2. I haven’t boarded in years since I own my own place (and am starting to board). I don’t have rings really, which is #1 on the list of future improvements, but I do pride myself in taking care of all the boarders as if they are my own. No drama is a big deal with me.

    • Boarding for the first time after growing up with horses in the back yard was definitely an adjustment at first! It’s always a relief to find a barn manager who cares about the horses- and I bet your boarders really appreciate that!

  3. I’m pretty lucky in that I have boarded my horses with the same barn for a really, really long time. And I haven’t even been there the longest! The one thing the place is lacking in is pasture–we have dry lot turnouts instead. I make up for it by hand grazing my horse frequently.

    • If you find a great place to board, you don’t move for the heck of it! Pasture or not, it sounds like you’ve found a pretty good place 🙂

  4. I recently found an excellent barn which meets all of our (Kenna and I) standards.
    My favourite part is that it’s simply a barn where you board and ride. You can have your trainer come and coach you as long as you have your horse there but it isn’t a lesson barn where there are people that just go to take lessons.

    (It’s always been something I’m touchy about as at my first barn, some of the boarders didn’t come to see their horses and the owner would use their horses in their lesson programme. There was also a case where a girl was on a horse who no one was supposed to ride and broke her collarbone so all of that just made me worried about keeping a horse there)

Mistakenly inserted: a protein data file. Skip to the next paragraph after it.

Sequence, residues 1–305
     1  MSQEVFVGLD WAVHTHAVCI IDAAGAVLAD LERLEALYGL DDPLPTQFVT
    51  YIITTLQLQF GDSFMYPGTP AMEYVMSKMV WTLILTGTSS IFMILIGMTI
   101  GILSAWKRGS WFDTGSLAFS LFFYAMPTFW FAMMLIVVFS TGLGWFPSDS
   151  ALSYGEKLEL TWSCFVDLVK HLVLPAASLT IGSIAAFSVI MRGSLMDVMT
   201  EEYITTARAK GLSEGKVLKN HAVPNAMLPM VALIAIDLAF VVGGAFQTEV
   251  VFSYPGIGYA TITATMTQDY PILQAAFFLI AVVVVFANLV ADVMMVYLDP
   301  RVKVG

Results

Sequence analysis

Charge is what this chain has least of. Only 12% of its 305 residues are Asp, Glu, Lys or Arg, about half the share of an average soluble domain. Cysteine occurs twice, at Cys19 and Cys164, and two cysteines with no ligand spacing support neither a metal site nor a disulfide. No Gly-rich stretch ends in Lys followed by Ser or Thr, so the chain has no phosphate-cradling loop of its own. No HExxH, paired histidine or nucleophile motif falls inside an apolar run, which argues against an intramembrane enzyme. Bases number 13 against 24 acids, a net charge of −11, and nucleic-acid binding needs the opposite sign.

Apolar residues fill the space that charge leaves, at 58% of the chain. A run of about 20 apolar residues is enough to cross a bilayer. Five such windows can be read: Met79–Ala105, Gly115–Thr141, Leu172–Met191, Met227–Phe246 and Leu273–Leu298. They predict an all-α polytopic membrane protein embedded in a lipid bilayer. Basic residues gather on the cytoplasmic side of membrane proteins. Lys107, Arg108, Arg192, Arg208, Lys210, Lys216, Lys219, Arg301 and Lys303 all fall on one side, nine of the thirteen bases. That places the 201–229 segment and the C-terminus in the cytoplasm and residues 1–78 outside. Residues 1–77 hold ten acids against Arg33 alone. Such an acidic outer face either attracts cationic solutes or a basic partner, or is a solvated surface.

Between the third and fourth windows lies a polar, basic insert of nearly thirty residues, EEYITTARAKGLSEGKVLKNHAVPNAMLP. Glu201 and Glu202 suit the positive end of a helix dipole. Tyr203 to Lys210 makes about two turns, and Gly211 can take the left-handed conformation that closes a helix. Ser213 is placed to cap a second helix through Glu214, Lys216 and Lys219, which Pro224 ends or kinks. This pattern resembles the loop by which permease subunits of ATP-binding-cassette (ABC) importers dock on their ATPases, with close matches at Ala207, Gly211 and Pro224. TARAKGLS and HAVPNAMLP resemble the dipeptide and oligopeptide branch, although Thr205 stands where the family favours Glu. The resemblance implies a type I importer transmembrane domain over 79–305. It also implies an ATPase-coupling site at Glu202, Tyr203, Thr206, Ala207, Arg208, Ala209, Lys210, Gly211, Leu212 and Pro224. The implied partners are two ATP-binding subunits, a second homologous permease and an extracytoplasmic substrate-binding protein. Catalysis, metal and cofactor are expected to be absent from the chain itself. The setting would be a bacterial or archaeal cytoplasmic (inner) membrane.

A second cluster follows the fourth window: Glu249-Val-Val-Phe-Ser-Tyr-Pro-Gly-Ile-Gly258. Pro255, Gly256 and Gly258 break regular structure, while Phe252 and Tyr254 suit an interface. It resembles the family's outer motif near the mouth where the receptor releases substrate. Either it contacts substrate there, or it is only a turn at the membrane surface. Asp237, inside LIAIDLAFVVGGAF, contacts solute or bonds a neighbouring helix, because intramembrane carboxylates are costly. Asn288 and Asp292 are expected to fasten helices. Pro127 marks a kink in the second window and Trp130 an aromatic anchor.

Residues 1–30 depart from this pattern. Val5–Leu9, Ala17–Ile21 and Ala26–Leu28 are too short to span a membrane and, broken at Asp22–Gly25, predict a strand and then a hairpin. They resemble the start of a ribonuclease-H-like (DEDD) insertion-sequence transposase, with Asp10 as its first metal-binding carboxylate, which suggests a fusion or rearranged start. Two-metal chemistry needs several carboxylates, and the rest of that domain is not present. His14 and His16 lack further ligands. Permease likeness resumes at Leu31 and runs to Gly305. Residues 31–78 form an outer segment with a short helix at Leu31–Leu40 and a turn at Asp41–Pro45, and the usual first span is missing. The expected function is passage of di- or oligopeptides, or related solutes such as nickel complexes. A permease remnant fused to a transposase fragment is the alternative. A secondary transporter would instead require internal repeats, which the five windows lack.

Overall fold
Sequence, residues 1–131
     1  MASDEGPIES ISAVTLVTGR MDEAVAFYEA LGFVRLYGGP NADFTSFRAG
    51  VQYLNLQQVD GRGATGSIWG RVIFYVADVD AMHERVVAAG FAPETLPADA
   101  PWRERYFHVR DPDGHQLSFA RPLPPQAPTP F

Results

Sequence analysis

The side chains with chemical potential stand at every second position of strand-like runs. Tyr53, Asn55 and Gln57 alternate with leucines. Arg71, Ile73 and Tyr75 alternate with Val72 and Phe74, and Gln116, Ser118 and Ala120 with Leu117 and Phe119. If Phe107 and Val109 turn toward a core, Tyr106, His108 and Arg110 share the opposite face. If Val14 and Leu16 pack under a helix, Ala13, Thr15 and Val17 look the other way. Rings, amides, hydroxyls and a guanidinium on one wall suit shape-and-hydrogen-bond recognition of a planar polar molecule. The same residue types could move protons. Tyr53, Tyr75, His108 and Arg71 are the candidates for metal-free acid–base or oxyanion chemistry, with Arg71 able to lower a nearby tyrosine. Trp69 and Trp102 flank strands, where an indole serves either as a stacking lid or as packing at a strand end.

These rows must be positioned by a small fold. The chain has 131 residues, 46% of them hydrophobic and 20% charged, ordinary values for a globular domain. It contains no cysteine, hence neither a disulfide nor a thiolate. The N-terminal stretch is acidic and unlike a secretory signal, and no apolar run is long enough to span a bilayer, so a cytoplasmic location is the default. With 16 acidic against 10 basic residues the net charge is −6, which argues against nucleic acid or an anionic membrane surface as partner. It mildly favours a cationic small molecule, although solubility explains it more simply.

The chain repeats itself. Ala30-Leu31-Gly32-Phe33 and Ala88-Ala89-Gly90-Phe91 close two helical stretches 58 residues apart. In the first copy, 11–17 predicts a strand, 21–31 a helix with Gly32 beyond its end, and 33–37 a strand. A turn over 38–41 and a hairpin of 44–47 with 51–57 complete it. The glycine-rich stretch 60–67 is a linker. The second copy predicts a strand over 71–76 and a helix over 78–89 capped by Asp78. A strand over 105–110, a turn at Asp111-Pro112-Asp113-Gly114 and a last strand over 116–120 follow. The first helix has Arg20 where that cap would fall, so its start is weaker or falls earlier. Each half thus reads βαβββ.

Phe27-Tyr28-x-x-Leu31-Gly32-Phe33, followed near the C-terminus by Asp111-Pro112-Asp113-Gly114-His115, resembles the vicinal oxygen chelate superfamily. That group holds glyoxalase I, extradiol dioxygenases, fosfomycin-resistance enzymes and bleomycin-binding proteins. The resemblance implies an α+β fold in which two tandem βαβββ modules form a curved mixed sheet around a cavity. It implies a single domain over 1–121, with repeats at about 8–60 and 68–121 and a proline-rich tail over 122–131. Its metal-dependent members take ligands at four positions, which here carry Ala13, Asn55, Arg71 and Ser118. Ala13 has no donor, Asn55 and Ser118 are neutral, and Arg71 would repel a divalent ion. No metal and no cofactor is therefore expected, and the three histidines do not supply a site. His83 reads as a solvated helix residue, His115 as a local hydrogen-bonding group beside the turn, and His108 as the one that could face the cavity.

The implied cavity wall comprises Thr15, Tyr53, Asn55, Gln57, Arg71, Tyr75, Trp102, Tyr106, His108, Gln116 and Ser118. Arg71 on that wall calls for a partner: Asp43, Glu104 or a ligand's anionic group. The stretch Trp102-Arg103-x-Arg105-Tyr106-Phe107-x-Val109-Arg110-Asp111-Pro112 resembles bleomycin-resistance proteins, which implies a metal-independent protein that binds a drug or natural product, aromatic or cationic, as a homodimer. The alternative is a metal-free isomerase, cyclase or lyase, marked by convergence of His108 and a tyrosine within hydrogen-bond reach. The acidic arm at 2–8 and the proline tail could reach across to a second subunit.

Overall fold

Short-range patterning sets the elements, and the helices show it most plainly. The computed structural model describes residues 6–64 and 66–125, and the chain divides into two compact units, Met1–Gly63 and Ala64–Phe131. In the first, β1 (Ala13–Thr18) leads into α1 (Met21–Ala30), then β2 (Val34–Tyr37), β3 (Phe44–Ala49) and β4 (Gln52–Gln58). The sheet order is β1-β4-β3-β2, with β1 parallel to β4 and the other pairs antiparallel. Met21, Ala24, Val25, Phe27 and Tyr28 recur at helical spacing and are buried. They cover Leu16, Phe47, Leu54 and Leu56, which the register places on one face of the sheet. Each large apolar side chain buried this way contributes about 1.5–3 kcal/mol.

• I like the scenario you describe as well, having a coach come to me rather than being at a barn where the boarder horses become lesson horses. The girl who broke her collarbone sounds like she learned that lesson the hard way! Ouch!

  5. i have yet to make any decisions about my own boarding situation – but the place where my lease mare lives ticks off a lot of my biggies. i think the care is great (i should hope so, since i work there too haha), the horses are happy, and i can’t argue with the proximity (definitely a biggie for me too).

    the riding facilities tho… really not great. our 100’x200′ arena is definitely mediocre at best… and can’t be used for 3 months out of the year. plus we have to share with all the many lesson kiddos and trainers.

    • I admit, I’m not great about sharing the ring with kiddos. Trying to school canter lengthenings in an arena where chaos, nerves, and lack of steering rule (depending on the age of the kids of course) is just a tough situation!